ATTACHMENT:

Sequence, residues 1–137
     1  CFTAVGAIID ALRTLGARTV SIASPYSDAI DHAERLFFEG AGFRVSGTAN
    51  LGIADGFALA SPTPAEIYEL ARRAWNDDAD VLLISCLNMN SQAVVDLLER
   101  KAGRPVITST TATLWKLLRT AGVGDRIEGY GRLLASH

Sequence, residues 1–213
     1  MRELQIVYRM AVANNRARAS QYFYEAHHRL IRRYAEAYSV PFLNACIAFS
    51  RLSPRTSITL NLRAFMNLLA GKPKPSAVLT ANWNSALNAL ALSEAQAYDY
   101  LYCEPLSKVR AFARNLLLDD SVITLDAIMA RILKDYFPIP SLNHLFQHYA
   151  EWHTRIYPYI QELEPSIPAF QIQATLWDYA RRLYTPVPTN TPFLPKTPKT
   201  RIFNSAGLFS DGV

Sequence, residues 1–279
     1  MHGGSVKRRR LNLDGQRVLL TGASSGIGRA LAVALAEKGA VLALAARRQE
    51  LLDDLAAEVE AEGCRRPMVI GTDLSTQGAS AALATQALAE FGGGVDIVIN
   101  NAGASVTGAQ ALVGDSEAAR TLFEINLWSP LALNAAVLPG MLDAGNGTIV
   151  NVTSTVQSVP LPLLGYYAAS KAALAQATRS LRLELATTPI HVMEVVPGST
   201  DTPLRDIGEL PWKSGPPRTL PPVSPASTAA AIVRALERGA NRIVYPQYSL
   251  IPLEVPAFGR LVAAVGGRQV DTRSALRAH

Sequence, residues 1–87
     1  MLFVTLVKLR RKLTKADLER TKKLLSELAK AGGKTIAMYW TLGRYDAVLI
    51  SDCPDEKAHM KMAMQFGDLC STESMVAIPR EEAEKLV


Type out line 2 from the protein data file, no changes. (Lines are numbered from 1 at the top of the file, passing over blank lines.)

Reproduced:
     1  CFTAVGAIID ALRTLGARTV SIASPYSDAI DHAERLFFEG AGFRVSGTAN